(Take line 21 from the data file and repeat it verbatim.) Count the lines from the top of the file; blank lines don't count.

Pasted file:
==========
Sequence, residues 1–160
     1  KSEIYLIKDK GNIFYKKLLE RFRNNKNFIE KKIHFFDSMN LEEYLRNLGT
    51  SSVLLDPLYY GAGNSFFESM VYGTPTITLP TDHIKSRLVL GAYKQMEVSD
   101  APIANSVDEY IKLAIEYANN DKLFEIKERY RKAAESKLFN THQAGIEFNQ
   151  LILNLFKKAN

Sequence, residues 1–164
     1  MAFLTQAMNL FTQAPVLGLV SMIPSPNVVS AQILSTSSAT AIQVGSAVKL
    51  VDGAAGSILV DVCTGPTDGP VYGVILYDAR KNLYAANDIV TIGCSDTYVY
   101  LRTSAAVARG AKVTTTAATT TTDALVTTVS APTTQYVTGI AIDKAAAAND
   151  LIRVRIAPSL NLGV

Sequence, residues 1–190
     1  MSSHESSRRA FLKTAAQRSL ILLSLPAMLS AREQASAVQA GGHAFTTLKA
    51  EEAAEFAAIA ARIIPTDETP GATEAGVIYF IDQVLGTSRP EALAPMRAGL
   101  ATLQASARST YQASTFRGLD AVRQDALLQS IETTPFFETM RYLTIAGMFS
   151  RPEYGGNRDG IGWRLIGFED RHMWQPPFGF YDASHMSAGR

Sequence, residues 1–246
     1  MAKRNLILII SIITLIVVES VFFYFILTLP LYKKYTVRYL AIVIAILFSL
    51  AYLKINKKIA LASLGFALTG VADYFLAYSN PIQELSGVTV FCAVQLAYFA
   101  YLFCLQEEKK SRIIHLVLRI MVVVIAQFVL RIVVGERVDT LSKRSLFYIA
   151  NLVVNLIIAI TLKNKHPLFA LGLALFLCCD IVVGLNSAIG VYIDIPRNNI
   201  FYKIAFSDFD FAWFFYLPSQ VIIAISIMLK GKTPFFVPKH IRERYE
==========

   201  FYKIAFSDFD FAWFFYLPSQ VIIAISIMLK GKTPFFVPKH IRERYE